Pilgrimage to the west: When spirit of Earth, sky is awakened
By Wawan S. Husin
BANDUNG (JP): Suprapto Suryosudarmo had traveled to Bandung, Ciamis and Padang in his journey to the west from Padepokan Lemah Putih in Surakarta, Central Java. After his rituals in Samuan Tiga Ritual Besalen in Bali last February, he continued his journey to Bandung where he performed rituals at the Bandung Institute of Technology (ITB), Rumah Nusantara, Gallery 66, Gallery Pohaci, Sendratasik-UPI Bandung and Astana Gede in Kawali, Ciamis.
In Padang, West Sumatra, he performed rituals in Taman Budaya Padang and Pariaman.
In Bandung, the trio of Suprapto cs. (Suprapto, Mamiek -- a lecturer at the Surakarta Arts Institute (STSI) and Jean-Paul Dandin, an African drum artist) performed with local artists, such as Inne "Ronggeng Gunung" Arini, Toni Kanwa, Tisna Sanjaya, Jamal cs., Dedi, Tohari, Aming and Harry Pocang (a musician).
The themes of the performances (Suprapto calls them rituals) are: Candra Semi (Welcoming the Moon) at ITB, Ruwatan-Rawatan Bhumi (Vanishing the Bad Aura and Taking Care of the Earth), Welcoming the Mother Sky in Gallery 66, Energizing the Venues, Harmonizing the Power in Gallery Pohaci and Lembur Bitung UPI- Bandung and in Astana Gede Candra Surya (From the Moon to the Sun) or Welcoming the Dawn, Jean-Paul called the rituals From The Dark of The Night to The Bright Sunny Day.
In Gallery 66, (Welcoming Mother Sky), Suprapto included the tradition of Sunan Ambu (the Mother Sky) as a goddess in an old Sundanese folk story as a point of departure. The earth is then made a symbol of Man. He stated that with womanhood, the mother should come to the front to harmonize the world.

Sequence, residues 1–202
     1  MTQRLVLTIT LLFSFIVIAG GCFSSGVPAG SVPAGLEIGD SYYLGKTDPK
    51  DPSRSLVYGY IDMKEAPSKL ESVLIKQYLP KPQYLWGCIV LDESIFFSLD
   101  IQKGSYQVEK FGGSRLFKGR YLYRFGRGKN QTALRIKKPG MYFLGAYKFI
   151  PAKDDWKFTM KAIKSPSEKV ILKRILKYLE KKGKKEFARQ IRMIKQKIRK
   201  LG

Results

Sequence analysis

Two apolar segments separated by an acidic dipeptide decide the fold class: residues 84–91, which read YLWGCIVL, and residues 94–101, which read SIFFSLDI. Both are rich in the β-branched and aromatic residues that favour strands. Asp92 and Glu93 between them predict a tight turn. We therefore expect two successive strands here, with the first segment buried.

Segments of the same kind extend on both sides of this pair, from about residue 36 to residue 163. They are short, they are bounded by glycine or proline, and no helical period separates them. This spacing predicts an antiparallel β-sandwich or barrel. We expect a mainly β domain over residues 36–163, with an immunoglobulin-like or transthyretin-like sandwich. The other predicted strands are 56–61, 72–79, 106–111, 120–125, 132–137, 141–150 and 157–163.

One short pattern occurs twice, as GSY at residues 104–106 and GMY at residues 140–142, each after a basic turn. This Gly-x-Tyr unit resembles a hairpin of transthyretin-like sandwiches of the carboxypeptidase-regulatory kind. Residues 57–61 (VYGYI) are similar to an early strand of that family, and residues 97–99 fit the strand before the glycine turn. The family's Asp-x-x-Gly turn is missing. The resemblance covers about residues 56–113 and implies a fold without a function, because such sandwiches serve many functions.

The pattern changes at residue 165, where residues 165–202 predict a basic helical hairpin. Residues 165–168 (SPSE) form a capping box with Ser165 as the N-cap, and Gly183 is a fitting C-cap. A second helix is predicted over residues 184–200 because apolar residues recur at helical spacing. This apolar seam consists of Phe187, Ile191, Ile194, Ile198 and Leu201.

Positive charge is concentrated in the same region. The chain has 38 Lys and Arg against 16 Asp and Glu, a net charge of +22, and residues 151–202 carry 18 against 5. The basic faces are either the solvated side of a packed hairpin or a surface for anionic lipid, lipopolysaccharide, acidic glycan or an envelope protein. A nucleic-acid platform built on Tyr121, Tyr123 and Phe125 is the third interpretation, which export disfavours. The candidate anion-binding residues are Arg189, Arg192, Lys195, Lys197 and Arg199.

In Astana Gede Ciamis, the Candra Surya ritual started at about 4.30 a.m. (after the dawn prayer) and continues until about 7 a.m. The ritual began at the gate of Astana Gede (an ancient cemetery of the King of Galuh).
Followed by bamboo flute and kecapi of Yaya and Ojay, and aluminum pipes by Godi Suwarna, the dancers (Neneng and friends) opened the gate of the cemetery. All was dark, except for the small torches dancing in the wind. The old trees, high and gigantic, stood out, witnessing the people. Insects were whispering. Once in a while nocturnal birds and bats chirped.
The cold wind swept the dawn, and the roosters crowed at a distance. Suprato whispered mantras and Jean-Dandin moved together with Pandu Ra Dea and Ogi and Pa Jeprut. Having entered the gate, they carried out a kind of moving meditation at the center of this cemetery. This took about 40 minutes. The dancers and other participants moved to the water -- the spring of Cikawali.
Crossing a path, the day began to break and reddish clouds appeared to the east. The well-spring was surrounded by old trees and bushes. Some fish were swimming, and the whirlpools came up time and again.
The dancers moved around and splashed some water on their faces. The journey continued to pesanggrahan (the resting area). The area is surrounded by the rice fields, Ogi and Ra Dea performed in the rice field and their bodies were buried in mud, sometimes they moved near young paddy as though they wanted to remind the people of the valuable gift the Earth provides. At the pesanggrahan the movers, dancers, performers and participants sat and prayed. The sound of terebang (a kind of small percussion) filled the air.
The area was directly open to the sun which then appeared in full, showering the audience and performers with bright rays. The sun slowly and patiently rose up, second by second, minute by minute. Like a lullaby, birds chirped and the river flowed, the sound of the water clear and precise.
The Candra Surya took about two and a half hours. I did not feel tired after moving around and maintaining a tight breathing pattern. The dew was on the leaves and ants were busy on the bark of trees. The freshness of the air met the freshness in my heart.
Returning to the camp and sitting down to rest and have a sip of tea, I realized that the day had changed. In my loneliness -- among the crowd -- I remember Suprapto saying, "Possibly we will have a time when 'Teos, Therapy and Theater' will mix and combine in one." Yes, possibly in the near future Prapto.